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The President's Corner

Jean Carolyn Williams

     As I prepare for the new year, I reflect on the Annual Meeting in Philadelphia. I recall the new friends I have met and the friends from the past with whom I again have had the opportunity to parley, share ideas, and catch up on their latest adventures, experiences and/or achievements. I also have had the opportunity to remember some of the new ideas, strategies, activities, and materials that I promised myself to add to my teaching repertoire. As I find myself trying to remember all the great presenters, speakers, and ideas, I can honestly say that I find myself enthusiastically anticipating the moment when I can appropriately spring my new-found skill, knowledge, and/or materials on my students.

     This year I find myself trying to recapture even more than I ever had, knowing that I will forever savor each memory. It isn't every day that someone from Roxbury (a ghetto in Boston), Massachusetts beats the odds and overcomes the many obstacles that seem to be on every corner and in every hallway. Not many of these at-risk children rise to succeed. I am blessed, I have had many successful moments, many blessings, many miracles. I have been lucky to be supported by my family, friends, and educators. I have learned that obstacles do not have to be permanent, that �it is your attitude, not your aptitude that ultimately determines your altitude�. I have learned the meaning of hard work and perseverance. I too understand the importance of setting goals, developing action plans, working diligently, and getting an education. As I stated earlier in this paragraph, it isn't every day that someone from an area where very few if any succeed has a chance to becoming president of anything and I have had the opportunity to be elected to the office of president of this great Association. Each moment from the conference is a moment that I will remember. Each event each person with whom I have had the opportunity to meet will forever be etched into my memory bank.

     I am truly grateful that my year as president coincided with the celebration of the �P� in AATSP. It is an honor to know that the inclusion of Portuguese in the association and the consequent change of name took place in December 1944. I am inspired by the many contributions to the organization in the past 50 years. It is with great respect that I symbolically toast each person who helped celebrate this noteworthy event. I challenge each member to continue celebrating the accomplishments of the AATSP by utilizing the services and benefits it offers. I also thank each of you for the memories of Philadelphia 1994.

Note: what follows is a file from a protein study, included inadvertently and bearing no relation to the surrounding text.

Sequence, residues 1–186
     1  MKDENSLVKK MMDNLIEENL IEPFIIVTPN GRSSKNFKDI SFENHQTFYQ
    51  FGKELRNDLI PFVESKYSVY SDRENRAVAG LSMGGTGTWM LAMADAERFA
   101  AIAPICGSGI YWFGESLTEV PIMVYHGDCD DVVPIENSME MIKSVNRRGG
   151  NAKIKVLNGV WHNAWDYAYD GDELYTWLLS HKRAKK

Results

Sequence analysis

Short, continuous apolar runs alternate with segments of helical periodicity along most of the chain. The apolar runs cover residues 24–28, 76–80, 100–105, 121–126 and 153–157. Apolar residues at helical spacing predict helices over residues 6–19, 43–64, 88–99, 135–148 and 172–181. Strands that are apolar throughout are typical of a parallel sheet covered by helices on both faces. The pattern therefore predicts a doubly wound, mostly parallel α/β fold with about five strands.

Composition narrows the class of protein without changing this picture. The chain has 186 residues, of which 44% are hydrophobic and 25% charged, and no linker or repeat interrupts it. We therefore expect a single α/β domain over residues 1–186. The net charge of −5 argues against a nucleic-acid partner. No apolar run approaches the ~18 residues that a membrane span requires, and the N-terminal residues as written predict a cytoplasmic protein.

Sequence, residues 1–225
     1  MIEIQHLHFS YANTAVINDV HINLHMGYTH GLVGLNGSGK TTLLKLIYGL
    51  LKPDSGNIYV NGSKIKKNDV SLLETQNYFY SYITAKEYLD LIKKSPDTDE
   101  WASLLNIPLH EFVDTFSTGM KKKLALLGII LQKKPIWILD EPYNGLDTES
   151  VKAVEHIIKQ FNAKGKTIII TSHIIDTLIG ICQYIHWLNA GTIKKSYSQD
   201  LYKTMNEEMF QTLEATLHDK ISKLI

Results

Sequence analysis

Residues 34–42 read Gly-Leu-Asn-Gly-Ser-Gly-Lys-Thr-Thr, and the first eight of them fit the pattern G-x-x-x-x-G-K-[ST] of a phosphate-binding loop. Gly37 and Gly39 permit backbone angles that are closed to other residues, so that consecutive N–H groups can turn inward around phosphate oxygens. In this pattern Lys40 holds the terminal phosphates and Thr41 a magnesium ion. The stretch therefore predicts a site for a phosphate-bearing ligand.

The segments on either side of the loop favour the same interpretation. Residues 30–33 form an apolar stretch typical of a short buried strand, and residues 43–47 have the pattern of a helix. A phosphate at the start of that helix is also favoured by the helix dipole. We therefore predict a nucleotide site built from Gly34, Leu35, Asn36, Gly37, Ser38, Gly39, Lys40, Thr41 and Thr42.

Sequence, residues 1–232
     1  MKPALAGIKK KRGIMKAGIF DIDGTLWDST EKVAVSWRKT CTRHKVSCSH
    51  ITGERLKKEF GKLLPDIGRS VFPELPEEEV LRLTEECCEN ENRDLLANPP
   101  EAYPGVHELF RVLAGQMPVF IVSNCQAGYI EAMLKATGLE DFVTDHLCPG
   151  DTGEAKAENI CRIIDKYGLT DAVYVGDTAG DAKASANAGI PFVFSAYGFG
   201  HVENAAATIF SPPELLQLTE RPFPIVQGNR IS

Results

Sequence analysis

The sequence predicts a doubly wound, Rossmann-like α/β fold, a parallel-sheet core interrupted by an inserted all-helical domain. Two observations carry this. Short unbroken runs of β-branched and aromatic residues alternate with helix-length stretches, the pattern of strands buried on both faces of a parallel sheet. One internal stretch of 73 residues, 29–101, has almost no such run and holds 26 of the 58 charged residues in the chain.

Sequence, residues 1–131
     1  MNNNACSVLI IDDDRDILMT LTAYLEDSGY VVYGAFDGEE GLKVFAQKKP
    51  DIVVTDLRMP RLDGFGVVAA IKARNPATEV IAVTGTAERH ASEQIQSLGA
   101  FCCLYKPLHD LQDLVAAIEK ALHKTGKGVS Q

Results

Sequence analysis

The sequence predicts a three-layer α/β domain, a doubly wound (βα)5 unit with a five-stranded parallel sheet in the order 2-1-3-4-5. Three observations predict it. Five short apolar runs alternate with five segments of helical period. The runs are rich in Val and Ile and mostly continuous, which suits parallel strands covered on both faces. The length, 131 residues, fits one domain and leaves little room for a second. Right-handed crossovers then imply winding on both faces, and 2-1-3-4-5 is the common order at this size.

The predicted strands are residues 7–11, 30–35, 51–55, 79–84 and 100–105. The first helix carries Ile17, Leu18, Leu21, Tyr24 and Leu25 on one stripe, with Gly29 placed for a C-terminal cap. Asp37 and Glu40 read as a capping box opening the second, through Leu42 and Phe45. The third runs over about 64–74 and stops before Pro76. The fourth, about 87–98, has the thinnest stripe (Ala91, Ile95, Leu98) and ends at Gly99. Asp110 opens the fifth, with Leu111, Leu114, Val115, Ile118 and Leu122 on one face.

Every summer I find myself again full of anticipation and hope. I feel inspired by all that I have learned from courses taken over the summer, staff development workshops, and travel experiences. I, like many teachers around the world, also find myself pondering on what it means to be an educator in today's world.

     It is clear that the role of an educator has changed to encompass more responsibilities then it probably did at 10:00 a m., 29 December 1917 when the 130 teachers from secondary schools, colleges, and universities assembled at the First Annual Meeting of the American Association of Teachers of Spanish, in the Great Hall of the College of the City of New York (known today as CCNY).

     We wear many hats, including but not limited to that of teacher, friend, parent, administrator, custodian, clerk, secretary, receptionist, chaperons, sponsor, chauffeur, physician, psychiatrist, monitor, nutritionist, technician, researcher, referee, spy, disciplinarian, entertainer, performer, mentor, grant writer, lobbyist, baby-sitter, fundraiser, collaborator, facilitator, resource person, coordinator, motivator, supervising teacher, supervisor, public relations person, manager, advocate, assessor, evaluator, trainer, and committee member.

     These roles, of course, only pertain to the hats we wear with students. We have some of these plus others that we wear when we are with our colleagues, administrators, parents, and communities. In addition we also have those that we wear when with our families or when we ourselves are moonlighting as students. It is no wonder we sometimes feel overloaded and as if we are just as anxious for the holidays, work days, breaks, and vacations as the children.

     We are truly multi-dimensional in our roles; therefore our classrooms are also having to become multi-dimensional classrooms. As I have said in several of my messages, times are changing and so must we. In some cases it is changing so rapidly that keeping up is not the issue -catching up is. Textbooks are already outdated as they come off the press. Sometimes we are just understanding and becoming adjusted to [569] materials when all of a sudden a change is mandated. Computers are being upgraded almost as soon as we walk out of the store with a newly purchased one. Sometimes it feels as if what is new is really old and what is in is really out.